George M. Mangion | Wednesday, 14 January 2009

Fuzzy money

The news that another mega scandal perpetrated by Bernard Madoff has hit the headlines rarely sounds auspicious now that for the past weeks we have had nothing but opprobrium in financial press. Many who have been viewing broadcasts by foreign networks have become immune to bad news. They have been inundated with horror stories of how the financial behemoths have fallen into disgrace. Last year saw the advent of the sub-prime banking debacle and with it the ushering of the deepest economic recession in US since the great depression of the 1930s. This is coupled with higher unemployment and a steep fall in interest rates, matched with a universal drop in the property market that last bastion behind which investors usually scurry for shelter in troubled times. One need not mention the property collapse in Ireland, Spain and Portugal to reflect upon the perceived trend in relentless slide of property prices. It goes without saying that the property and construction boom of the last decade is over and now we are witnessing a severe correction in values of commercial and residential real estate. Realtors tend to wait for the storm to pass and foolishly pride themselves that the bad news will pass quickly boasting they are the only ones sitting on real estate located in the premium sites. They hope banks will bale them out asserting that location is king in all times and their assets are Teflon coated in times of recession. But so did the mortgage barons such as Fanny Mae and Freddie Mac in America and they went bust, cap in hand pleading for bailouts to the US taxpayer.
Banks such as Lehman Brothers who up to six months ago carried the Rolls Royce badge of the banking elite also licked the dust of bankruptcy procedures. Confidence has morphed into thin air. Once banks start refraining from lending to each other then this is when serious trouble ensues. Back to Malta, one hails the strict regulation of banks which so far has saved us the misery of unpaid depositors. Yet the financial virus that is eroding business in Europe cannot be swept under the carpet and sooner rather then later recession will start to bite. Already the construction industry is sending smoke signals showing its distress on lack of work.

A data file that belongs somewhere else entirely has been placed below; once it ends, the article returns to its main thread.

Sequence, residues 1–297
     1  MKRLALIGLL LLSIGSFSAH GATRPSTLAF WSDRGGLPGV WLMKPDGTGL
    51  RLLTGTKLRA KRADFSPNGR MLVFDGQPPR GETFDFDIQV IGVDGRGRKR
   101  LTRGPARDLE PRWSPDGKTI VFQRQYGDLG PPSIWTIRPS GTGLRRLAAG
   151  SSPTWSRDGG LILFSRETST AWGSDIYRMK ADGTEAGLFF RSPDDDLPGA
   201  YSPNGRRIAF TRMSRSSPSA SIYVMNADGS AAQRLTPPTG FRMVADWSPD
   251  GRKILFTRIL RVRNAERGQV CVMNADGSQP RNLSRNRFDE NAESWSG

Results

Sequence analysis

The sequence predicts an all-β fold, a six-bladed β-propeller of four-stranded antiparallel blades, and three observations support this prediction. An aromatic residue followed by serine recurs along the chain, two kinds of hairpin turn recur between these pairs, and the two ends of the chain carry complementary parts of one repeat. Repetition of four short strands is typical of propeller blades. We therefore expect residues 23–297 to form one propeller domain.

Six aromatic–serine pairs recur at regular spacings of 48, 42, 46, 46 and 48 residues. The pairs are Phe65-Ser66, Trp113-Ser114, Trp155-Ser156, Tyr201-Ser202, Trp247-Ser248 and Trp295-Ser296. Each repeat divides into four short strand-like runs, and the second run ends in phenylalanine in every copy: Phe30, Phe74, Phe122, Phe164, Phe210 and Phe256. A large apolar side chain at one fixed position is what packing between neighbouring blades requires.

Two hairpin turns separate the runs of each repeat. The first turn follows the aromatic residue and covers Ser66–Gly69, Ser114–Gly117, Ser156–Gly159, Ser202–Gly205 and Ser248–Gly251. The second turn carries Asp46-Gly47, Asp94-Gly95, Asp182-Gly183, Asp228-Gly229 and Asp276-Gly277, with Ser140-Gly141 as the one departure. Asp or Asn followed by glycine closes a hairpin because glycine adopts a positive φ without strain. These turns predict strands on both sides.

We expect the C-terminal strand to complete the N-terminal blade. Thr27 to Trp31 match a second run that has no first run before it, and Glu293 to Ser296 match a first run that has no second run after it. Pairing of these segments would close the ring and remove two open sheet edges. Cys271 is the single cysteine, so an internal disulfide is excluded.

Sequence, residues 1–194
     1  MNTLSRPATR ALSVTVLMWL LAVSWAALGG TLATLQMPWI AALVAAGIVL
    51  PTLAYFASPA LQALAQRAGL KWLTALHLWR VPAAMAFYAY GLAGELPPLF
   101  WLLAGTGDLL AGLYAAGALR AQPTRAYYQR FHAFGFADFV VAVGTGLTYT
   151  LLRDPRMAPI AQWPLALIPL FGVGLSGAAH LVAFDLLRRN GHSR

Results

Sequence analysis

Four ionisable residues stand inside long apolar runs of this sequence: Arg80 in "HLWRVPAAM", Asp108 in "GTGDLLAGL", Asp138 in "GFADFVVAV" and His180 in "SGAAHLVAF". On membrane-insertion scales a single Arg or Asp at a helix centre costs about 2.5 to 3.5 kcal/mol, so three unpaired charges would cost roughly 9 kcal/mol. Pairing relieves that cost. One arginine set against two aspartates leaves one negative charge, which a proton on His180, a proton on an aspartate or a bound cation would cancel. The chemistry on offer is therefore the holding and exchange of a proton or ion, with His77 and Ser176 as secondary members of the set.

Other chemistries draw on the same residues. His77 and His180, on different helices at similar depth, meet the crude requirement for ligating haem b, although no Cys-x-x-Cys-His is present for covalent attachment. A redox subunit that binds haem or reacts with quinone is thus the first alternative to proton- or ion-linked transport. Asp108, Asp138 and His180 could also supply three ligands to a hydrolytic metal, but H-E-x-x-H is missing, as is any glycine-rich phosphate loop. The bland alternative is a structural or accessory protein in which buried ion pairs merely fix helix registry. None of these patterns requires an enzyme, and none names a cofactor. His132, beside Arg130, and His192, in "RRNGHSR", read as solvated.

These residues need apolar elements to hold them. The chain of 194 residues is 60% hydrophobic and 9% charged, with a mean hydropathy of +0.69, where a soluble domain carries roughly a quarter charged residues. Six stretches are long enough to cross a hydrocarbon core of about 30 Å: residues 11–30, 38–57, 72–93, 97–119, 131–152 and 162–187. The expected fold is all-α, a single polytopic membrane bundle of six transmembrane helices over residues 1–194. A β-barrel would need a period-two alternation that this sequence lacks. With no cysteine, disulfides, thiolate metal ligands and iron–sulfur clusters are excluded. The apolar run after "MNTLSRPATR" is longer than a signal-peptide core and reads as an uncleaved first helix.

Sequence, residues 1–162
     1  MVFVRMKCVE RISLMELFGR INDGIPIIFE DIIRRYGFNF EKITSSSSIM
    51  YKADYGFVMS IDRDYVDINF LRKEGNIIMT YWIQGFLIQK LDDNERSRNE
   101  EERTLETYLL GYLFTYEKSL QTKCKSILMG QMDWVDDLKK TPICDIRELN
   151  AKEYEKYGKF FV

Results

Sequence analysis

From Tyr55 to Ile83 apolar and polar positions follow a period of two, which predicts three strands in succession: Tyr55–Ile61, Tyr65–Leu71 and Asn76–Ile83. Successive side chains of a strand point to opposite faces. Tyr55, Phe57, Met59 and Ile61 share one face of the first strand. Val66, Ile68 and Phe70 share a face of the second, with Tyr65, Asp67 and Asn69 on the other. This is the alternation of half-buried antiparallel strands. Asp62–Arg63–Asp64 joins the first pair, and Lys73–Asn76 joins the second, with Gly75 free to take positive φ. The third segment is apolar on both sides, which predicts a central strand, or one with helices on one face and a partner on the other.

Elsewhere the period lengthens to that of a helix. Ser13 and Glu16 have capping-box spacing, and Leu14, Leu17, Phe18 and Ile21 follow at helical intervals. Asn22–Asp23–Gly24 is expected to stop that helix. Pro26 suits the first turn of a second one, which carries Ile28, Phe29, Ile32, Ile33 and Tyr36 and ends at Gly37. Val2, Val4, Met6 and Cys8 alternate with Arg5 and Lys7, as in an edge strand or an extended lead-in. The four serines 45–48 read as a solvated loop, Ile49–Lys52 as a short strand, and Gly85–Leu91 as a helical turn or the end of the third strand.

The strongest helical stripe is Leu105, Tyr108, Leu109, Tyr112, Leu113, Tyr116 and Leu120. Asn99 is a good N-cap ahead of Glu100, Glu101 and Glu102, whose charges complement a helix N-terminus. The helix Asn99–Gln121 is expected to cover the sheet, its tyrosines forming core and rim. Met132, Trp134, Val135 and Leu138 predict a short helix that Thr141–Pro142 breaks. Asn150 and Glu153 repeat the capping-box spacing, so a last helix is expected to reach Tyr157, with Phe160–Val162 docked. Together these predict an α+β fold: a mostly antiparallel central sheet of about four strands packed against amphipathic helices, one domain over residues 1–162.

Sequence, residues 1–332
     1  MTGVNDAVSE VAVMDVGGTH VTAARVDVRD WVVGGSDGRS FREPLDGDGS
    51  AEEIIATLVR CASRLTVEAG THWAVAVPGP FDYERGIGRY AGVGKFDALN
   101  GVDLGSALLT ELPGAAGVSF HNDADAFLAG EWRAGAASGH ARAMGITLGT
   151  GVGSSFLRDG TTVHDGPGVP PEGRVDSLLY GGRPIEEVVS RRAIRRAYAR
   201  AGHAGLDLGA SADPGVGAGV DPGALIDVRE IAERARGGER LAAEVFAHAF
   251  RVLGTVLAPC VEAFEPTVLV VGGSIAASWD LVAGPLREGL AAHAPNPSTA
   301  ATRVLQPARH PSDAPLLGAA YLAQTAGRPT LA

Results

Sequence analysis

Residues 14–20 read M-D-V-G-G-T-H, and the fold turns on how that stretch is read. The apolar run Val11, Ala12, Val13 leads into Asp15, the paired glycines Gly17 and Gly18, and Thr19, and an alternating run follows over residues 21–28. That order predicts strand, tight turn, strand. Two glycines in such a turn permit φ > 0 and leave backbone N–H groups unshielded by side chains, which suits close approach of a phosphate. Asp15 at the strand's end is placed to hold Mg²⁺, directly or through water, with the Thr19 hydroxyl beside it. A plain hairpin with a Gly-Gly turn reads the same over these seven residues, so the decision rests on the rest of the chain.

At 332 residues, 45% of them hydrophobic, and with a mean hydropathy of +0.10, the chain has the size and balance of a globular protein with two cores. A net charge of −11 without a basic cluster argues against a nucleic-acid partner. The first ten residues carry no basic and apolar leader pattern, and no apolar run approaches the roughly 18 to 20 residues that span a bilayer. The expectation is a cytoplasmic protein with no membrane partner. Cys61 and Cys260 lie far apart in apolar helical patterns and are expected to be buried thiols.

Are we feeling the early stages of the malady that is now festering in other European cities? The answer seems to be blowing in the wind when one contemplates how much debt has been piled on by local banks on the property and construction sector. Their exposure is legendary particularly on larger projects which tend to seek their attention. But is this not a repetition of the greed associated with the juicy profits reaped by US banks from the sub-prime business which has triggered off the demise so much so that a specific fund has been allocated out of taxpayers money to weed out toxic debts. Reverting back to the $50 billion fraud by Madoff, it appears that commentators are so familiarised to the fracas in financial markets that it came to us as no big deal. Yet, sadly banks and investment funds across the world lined up last month to admit investing billions of dollars in the companies of Bernard Madoff, whom US authorities accused of masterminding a massive fraud. None of the flamboyant names in the banking hierarchy were spared. Europe’s biggest bank, HSBC, joined a list of top names in world finance admitting huge potential losses in a suspected pyramid fraud scam run by ex-Wall street impresario Madoff .